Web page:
Kristian Hoffman and Lance Loud met in high school back in the early ’70s in Santa Barbara, Calif. After starring in PBS cinéma-vérité documentary An American Family, they formed the Mumps, moved to New York and shared Max’s and CBGB stages with all the legends of the punk/new-wave explosion of 1976: Television, the Ramones, Talking Heads and Blondie. Hoffman and Loud also had front-row seats for the Mercer Arts Center incubation of the New York Dolls, before that. In our book, that grants you unlimited license to open the floodgates. Fop (Kayo), Hoffman’s latest solo album, is an ornate masterpiece of baroque pop, well worth your attention. Hoffman will be guest editing magnetmagazine.com all week. Read our new Q&A with him.
Hoffman: Since I am an elder coot and also have a radio show that celebrates the lite-psych foibles of the late ’60s, I am constantly trolling for new “oldie” sounds that usually serve to reinforce what I’ve already confessed to myself: I am enjoyably stuck in my era! The wonderful result of this is that I’m constantly reminded there are still so many exultant ephiphanous disc-coveries to make!
The fantastically fabulous Los Shakers from Uruaguay, transparently modeled on the Beatles template, are like having a parallel universe of Fab Fourdom to treasure as an equally exhilarating treasure trove of Liverpudlian-derived but wildly original (and almost always danceable!) sonic gemstones. Their experiments with the Beatles’ mystical, almost-spiritual relationship with the seventh chord happily far outshine my own tremulous tip-toes into that arena (“Just Look, Don’t Touch” by the Mumps on How I Saved The World and “He Means Well” on Earthquake Weather).
Their first album has no less than three deconstructivist re-imaginings of “I Saw Her Standing There,” yet each one is Shaker-specific and uniquely delightful. The most familiar is “Break It All”: “When the music starts, don’t stand there like a fool!” When you hear this song, you won’t be able to stand there. Every song on the first LP just makes you want to get out on the Hullaballo dance floor, and the dances are even suggested after each song, although curiously limited to either “Shake” or “Slow Shake.” You’ll be shaking for sure if you hear this great LP. You’ll be able to hear specific echoes of the Searchers’ “He’s Got No Love,” the Hollies making harmony pop of “Memphis,” the Zombies’ soul shout on “I Love You,” the Monkees’ “The Kind Of Girl I Could Love”—all with Beatlesque hand claps, guitar hooks and backing vocals. There are transparent rips of “I Should Have Known Better,” “Hold Me Tight,” “Things We Said Today” and scads of other Beatle tunes, but Los Shakers add more minor, descending chords, peculiar key changes and an exuberance that is their very own. “Don’t Ask Me Love” in particular has no specific Beatle reference, but it stands as one of the greatest “With The Beatles But Without The Beatles” songs ever. What is Spanish for Fab?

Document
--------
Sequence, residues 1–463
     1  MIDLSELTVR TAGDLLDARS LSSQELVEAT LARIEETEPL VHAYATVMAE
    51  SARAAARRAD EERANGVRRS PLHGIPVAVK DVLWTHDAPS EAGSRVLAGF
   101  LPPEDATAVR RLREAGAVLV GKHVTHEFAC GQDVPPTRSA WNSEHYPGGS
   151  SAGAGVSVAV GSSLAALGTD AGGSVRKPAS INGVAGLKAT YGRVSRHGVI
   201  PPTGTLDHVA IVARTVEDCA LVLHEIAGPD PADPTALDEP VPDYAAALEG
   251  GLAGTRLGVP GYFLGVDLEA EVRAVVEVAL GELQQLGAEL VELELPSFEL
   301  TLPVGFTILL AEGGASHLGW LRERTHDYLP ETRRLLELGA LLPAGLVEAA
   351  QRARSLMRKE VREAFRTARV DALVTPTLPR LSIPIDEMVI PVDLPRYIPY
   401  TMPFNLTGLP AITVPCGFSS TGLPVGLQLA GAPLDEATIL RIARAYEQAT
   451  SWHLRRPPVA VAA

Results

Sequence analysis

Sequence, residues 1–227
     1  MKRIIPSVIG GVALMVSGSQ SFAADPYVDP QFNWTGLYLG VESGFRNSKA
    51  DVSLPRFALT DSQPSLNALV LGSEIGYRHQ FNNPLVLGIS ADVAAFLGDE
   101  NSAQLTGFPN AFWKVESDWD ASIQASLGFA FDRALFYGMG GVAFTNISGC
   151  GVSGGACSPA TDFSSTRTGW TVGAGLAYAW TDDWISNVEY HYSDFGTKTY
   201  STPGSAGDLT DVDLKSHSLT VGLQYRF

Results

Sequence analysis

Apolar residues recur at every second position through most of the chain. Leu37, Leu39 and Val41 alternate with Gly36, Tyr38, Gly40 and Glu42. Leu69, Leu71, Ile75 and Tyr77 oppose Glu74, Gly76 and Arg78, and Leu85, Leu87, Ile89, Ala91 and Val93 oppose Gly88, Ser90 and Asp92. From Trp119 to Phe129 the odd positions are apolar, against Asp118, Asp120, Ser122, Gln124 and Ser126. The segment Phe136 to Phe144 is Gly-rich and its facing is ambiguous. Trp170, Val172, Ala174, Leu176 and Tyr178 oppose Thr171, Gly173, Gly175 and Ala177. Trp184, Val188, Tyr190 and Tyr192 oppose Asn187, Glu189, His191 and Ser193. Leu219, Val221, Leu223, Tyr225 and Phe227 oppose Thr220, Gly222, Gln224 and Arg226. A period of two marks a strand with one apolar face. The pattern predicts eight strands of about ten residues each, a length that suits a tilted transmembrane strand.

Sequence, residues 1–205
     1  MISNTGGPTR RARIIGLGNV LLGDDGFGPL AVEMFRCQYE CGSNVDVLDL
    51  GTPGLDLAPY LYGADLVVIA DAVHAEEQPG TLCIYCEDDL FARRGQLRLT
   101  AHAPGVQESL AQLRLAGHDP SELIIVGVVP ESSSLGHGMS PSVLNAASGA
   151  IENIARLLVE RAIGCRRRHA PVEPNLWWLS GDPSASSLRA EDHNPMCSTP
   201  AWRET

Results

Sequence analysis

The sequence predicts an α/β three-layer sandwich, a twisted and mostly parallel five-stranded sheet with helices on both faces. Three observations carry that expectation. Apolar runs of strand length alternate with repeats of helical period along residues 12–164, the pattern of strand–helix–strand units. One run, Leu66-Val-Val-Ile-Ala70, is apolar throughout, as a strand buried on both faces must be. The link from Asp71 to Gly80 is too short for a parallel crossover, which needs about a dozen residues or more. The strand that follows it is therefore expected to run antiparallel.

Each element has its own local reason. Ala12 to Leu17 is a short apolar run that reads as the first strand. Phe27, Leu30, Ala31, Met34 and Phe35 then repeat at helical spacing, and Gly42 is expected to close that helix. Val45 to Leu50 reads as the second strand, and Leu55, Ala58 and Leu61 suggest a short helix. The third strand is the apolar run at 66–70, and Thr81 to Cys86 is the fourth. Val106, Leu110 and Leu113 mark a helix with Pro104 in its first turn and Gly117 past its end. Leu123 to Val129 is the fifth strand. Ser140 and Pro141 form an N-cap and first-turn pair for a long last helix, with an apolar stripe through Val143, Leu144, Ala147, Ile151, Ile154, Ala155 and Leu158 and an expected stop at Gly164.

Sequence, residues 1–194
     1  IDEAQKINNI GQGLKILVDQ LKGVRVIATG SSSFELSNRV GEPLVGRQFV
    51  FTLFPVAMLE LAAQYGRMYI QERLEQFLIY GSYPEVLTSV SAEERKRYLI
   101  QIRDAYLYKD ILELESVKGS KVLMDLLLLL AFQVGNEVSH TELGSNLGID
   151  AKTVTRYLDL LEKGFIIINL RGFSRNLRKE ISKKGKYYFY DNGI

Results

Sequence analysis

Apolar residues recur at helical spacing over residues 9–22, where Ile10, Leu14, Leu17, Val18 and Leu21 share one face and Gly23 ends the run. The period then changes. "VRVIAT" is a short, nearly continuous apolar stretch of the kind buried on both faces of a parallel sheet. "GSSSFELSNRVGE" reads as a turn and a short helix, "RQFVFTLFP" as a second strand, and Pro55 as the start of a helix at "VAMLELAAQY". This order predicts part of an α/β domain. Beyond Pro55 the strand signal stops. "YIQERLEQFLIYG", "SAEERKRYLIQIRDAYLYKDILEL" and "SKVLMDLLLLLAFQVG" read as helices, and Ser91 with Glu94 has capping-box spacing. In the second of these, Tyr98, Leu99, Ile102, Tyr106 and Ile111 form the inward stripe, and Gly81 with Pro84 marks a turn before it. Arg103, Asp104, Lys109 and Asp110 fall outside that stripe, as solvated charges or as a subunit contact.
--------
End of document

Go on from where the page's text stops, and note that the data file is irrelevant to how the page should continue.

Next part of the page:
Los Shakers’ self-titled debut takes you from Meet The Beatles through A Hard Day’s Night, and their second, Shakers For You, riffs on Help through Rubber Soul—less dance party and more maracas/tambourine, acoustic sounds with scintillating melodies and what becomes a fetching penchant for humorous overdubs. Of course, it has great inspired lifts from the “Ticket To Ride” riff, but it depends less slavishly on specific Beatle blueprints and adds inventive drumming, snatches of the Beach Boys, more Searchers and a burgeoning sense of Los Shakers’ own Latin-American identity. The forward-looking, dreamy “I Hope You’ll Like It” points toward “a Revolver/Byrds “5D” amalgam. “No Molestar” is an incredibly rocking take on “I’m Down.” As with the first CD reissue, it’s admirable that there are so many bonus tracks, but they are more formative and academic than rewarding. Los Shakers’ covers of ’60’s hits, including many by the Beatles, uniformly pale beside their own dazzling, foot-stomping originals.
It’s tempting to call Los Shakers’ third LP, La Conferencia Secreta Del Toto’s Bar, their Sgt Pepper, but in reality, it’s more peculiar than that (more a cross between Love and Big Star), and their own bossa-nova voice becomes more delightfully prominent. That said, it is Los Shakers at their most pleasingly psychedelic and experimental. “B.B.B. Band” starts out with bagpipe, organ and Association-styled “ba ba ba ba”s and gets to a great raga chorus with a brazen “If I Needed Someone” counter melody suddenly sung over the second verse. “Mas Largo Que El Ciruela” goes from a melody based equally on Bacharach and “My Girl” with snatches of “Heroes And Villains” concertina to a salute to what I think is “Red Wine,” and suddenly the backward high-hat and strings start, complete with a “Day In The Life” bridge, making the unfortunate blaring intrusion of horns forgivable. Just fantastic. So full of invention and playfulness.
Until fairly recently, Los Shakers’ digital presence was limited to one out-of-print compilation, and hearing their amazing canon was limited to obsessive vinyl collectors like me. Even then, much of it was only legend. Now it’s all available on CD and just amazing! Shake with Los Shakers, and you’ll never regret it!
Videos after the jump.